Despite a global pandemic that has decimated economies around the world, Victoria’s real estate market continued to chug along in April, albeit at a much slower pace.
Selling prices in some categories actually increased last month compared with both last year and March, according to numbers released Friday by the Victoria Real Estate Board.
Sandi-Jo Ayers, president of the board, said many expected the drop-off in sales to be worse.
In some cases, she said, people had to find a new place to live after selling their homes in early March. “There were people who were caught in the middle and had to look for a property or had a job transfer and they still had to be out there looking.”
The result was that 287 properties sold in the region last month. In any other year, a 59 per cent drop from last year’s 696 sales would represent a market collapse, but in the current climate, it seems reasonable, given real estate agents are now having to offer virtual home tours and virtual open houses to attract buyers.
New listings are slow to come to market as owners wait to see what happens with the pandemic, Ayers said. As a result, the available inventory of properties for sale remains lower than last April.
“Like so many other industries, much of the real estate market is watching, waiting and adapting,” Ayers said.
There were 2,305 active listings at the end of April, 16.2 per cent fewer than April last year. That low inventory is likely the reason for the increase in sale prices.
The benchmark value for a single-family home in the Victoria core in April was $882,700, a jump from $843,500 in April last year and an improvement over the $877,700 mark set in March of this year.
The benchmark value for a condominium in the core, which includes Victoria, Saanich, Esquimalt, Oak Bay and View Royal, increased to $530,700 in April from $512,700 at the same time last year.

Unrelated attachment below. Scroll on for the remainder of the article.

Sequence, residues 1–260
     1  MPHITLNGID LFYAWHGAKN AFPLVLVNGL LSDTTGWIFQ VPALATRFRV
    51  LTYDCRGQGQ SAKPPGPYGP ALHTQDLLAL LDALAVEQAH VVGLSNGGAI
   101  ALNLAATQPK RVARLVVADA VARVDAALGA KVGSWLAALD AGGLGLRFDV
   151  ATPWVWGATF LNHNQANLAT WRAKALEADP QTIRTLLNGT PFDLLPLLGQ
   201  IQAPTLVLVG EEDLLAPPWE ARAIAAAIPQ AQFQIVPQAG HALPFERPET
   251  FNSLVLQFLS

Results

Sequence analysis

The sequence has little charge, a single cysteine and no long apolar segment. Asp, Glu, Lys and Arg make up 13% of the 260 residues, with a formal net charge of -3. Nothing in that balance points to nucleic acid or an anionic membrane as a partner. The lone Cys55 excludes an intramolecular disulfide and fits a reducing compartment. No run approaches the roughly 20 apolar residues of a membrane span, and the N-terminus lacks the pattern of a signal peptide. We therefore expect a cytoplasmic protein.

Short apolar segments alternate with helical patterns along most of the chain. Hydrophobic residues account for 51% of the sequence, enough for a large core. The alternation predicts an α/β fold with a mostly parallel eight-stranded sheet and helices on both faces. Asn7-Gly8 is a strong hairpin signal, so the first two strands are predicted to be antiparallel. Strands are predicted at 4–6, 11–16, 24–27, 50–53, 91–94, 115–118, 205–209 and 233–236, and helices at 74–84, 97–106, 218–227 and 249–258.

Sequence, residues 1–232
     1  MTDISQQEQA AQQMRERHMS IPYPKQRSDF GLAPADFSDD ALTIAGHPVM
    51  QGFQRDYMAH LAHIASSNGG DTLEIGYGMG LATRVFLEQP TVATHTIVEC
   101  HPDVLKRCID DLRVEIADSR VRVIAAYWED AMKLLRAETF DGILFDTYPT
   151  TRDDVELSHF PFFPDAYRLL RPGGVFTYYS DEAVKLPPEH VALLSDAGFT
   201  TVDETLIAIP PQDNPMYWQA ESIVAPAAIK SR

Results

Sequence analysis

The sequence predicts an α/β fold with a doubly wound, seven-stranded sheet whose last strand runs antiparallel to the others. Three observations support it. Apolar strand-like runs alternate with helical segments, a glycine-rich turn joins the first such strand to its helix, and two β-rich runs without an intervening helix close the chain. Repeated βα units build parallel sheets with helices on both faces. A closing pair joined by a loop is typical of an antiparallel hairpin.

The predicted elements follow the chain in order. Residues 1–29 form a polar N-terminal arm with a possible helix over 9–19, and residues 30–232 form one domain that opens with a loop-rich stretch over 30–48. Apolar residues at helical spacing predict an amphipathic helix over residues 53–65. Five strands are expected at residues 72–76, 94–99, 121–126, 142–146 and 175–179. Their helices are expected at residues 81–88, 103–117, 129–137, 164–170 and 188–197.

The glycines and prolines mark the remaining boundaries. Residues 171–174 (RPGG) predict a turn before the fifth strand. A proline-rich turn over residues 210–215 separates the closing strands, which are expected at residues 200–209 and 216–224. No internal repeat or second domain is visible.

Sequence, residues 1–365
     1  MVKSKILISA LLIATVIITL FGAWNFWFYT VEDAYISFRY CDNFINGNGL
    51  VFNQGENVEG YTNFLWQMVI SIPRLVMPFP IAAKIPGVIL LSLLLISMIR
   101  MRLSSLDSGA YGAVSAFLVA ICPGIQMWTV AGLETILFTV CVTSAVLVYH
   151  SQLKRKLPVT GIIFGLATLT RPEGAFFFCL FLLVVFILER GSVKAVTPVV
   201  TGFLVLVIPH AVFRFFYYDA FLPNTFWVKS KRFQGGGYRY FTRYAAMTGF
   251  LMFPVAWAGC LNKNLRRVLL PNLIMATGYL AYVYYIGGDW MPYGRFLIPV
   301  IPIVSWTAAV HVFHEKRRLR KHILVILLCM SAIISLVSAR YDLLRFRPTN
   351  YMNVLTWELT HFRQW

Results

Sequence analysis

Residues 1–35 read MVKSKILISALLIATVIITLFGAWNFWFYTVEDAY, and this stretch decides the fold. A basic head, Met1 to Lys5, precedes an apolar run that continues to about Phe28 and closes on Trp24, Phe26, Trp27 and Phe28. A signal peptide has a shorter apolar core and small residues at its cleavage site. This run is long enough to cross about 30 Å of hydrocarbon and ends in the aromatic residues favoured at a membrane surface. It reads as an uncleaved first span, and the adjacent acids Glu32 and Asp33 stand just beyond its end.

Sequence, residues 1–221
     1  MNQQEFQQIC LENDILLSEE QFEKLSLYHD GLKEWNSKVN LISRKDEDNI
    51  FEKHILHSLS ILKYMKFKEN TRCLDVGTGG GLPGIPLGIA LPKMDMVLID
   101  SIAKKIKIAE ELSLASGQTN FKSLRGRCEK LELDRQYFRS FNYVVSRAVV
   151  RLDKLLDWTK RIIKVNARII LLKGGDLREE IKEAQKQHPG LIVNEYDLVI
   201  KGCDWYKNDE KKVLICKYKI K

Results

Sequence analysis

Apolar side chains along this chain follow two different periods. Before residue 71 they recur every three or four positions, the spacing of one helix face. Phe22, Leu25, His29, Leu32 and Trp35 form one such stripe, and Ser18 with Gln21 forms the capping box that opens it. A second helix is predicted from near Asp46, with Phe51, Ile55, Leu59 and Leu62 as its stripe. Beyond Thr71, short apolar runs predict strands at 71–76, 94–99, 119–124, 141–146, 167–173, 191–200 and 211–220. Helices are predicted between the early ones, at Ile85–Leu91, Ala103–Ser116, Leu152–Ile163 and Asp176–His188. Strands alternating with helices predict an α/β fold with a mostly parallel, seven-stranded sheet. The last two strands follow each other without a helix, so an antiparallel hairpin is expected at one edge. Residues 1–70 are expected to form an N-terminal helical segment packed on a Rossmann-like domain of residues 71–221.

Ayers said while some real estate agents have shut down their businesses temporarily, the industry appears to be resilient and resourceful.
She said there are protocols in place to ensure the safety of buyers and sellers.
“I think it took some time to figure things out, but we are an adaptable group and being deemed an essential service, we had to figure out how to do the business,” she said, noting the board has implemented a virtual open-house method that allows agents to live-stream house tours for potential buyers.
“Technology has allowed us to move much of our work online. Now you can participate in an open house from the comfort of your couch and manage your contracts and negotiations securely online.”
Ayers said it’s impossible to know what the market will be like this month or in June, and it’s clear both buyers and sellers are waiting in the wings. “It will be interesting to see what happens in May if some restrictions are lifted and if that makes a difference to our industry.”